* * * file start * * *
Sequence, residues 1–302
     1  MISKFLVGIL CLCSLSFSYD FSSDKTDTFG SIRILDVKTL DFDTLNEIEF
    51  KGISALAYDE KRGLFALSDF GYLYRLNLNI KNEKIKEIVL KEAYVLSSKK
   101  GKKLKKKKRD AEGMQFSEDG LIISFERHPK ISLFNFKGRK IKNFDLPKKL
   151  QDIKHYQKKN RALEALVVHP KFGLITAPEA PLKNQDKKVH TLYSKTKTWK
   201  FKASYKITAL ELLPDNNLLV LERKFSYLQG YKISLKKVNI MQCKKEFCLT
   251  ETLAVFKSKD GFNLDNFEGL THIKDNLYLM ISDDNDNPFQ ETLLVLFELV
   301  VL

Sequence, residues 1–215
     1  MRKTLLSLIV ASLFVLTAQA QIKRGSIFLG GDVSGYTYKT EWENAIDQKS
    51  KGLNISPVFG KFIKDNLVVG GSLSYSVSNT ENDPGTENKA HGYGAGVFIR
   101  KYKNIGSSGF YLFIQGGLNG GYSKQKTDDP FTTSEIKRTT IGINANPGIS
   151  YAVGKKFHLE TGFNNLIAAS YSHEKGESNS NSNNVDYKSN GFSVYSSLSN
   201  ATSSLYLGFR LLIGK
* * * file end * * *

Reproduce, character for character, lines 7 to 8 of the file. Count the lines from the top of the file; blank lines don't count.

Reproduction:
   251  ETLAVFKSKD GFNLDNFEGL THIKDNLYLM ISDDNDNPFQ ETLLVLFELV
   301  VL